One month later, some more of Clinton’s work emails from her time as secretary of state will be discovered by the Defense Department. (The New York Times, 9/25/2015)
The State Department inspector general’s office says it is reviewing the use of “personal communications hardware and software” by Clinton’s former top aides, after requests from Congress. In March 2015, three Republican Senate committee chairs—Richard Burr, Ron Johnson, and Bob Corker—requested an audit of some of her aides’ personal emails.
Douglas Welty, a spokesperson for the inspector general’s office, says, “We will follow the facts wherever they lead, to include former aides and associates, as appropriate.” However, the office won’t say which aides are being investigated. (McClatchy Newspapers, 8/11/2015)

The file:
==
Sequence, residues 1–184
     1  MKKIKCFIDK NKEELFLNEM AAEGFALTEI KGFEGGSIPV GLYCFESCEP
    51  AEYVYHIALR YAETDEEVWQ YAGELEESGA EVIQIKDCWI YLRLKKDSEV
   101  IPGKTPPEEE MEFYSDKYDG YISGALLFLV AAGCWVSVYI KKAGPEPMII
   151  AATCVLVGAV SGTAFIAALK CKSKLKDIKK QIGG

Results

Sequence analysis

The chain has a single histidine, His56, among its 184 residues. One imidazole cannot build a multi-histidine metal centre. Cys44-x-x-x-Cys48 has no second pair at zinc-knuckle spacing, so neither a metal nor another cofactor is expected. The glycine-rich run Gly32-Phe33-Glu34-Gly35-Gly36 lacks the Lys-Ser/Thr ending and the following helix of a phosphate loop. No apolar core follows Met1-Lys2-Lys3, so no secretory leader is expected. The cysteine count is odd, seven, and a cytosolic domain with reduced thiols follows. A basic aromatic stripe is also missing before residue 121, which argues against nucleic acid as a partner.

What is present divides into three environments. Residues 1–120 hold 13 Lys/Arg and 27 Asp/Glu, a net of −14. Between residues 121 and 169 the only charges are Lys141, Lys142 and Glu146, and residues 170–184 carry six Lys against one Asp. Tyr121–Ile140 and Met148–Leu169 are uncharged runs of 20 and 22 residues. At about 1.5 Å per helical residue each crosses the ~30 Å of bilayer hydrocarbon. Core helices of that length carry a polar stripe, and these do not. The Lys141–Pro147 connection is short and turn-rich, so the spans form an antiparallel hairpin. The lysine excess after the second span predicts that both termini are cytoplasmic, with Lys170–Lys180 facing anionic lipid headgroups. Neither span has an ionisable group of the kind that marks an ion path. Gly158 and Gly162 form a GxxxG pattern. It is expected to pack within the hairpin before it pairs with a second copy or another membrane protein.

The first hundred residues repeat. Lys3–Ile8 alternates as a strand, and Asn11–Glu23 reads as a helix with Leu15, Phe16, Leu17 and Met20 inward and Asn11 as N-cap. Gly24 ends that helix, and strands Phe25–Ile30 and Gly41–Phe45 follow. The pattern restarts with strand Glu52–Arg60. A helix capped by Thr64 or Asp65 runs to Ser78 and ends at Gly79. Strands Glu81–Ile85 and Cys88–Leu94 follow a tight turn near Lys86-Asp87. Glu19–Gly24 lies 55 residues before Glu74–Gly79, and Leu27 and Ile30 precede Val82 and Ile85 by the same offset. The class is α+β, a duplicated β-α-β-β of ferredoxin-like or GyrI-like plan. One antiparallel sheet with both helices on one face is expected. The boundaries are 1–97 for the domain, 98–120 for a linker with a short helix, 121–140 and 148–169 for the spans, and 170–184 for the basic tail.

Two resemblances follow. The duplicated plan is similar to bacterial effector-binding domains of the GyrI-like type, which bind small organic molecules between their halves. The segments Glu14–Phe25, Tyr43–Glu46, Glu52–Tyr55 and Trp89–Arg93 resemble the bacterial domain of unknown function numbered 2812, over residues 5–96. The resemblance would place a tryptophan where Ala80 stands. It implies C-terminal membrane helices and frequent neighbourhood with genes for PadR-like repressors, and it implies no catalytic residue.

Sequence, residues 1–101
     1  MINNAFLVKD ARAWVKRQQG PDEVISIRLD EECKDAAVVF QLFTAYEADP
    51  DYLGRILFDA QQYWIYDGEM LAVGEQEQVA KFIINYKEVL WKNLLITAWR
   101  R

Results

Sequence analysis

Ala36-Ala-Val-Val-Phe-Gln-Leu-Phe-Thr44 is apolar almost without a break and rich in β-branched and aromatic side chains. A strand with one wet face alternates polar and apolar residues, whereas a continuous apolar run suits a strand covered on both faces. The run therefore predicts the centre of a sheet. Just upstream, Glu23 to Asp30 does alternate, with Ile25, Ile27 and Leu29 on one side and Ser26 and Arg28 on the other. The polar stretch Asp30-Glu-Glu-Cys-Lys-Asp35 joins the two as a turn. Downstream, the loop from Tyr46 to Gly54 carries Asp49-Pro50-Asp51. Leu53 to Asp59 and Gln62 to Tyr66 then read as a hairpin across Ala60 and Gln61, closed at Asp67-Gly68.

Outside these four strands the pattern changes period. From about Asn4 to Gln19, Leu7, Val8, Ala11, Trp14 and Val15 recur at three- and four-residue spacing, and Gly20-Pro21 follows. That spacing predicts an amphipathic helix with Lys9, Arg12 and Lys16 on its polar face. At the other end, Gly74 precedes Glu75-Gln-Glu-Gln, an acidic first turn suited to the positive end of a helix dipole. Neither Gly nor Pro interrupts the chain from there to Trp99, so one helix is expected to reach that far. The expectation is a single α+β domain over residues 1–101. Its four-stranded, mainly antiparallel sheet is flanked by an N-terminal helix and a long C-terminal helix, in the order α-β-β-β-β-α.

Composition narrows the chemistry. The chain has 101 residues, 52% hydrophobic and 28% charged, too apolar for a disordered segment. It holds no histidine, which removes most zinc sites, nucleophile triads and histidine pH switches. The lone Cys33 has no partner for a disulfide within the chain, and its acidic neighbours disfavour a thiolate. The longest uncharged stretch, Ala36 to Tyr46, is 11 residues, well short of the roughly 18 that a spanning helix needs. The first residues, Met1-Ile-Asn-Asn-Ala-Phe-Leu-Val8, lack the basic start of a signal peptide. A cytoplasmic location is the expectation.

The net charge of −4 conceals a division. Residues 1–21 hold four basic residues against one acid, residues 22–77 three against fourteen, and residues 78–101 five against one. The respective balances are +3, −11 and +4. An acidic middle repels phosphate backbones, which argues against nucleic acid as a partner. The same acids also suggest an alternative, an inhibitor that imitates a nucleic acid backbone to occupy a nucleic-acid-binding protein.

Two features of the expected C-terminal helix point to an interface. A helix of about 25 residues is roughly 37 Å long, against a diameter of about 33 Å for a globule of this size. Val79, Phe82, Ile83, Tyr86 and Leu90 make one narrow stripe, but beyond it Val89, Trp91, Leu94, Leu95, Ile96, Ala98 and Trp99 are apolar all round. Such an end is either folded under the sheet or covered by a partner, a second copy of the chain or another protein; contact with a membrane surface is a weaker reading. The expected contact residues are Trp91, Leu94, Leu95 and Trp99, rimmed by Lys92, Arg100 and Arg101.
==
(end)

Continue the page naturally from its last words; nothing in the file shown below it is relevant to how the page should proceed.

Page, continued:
This comes after months of her refusing to hand it over. (The New York Times, 8/11/2015) The old server is picked up by the FBI from the management of Platte River Networks (PRN) one day later. It is being kept at an Equinix data center in Secaucus, New Jersey, and it is picked up there.
However, the company transferred Clinton’s data to a new server, which is also being managed by PRN and is kept at the same data center. The FBI won’t pick up that one until October 2015.
The email sample was examined by the inspectors general of the State Department and the Intelligence Community. Those two emails were not marked as classified at the time, but were given classified labels indicating they contain highly sensitive information from signal intercepts and spy satellites. One is a discussion of a news article about a drone strike operation. The other concerns North Korea’s nuclear weapons program. (Inspector General of the Intelligence Community, 8/11/2015) (The New York Times, 9/7/2015)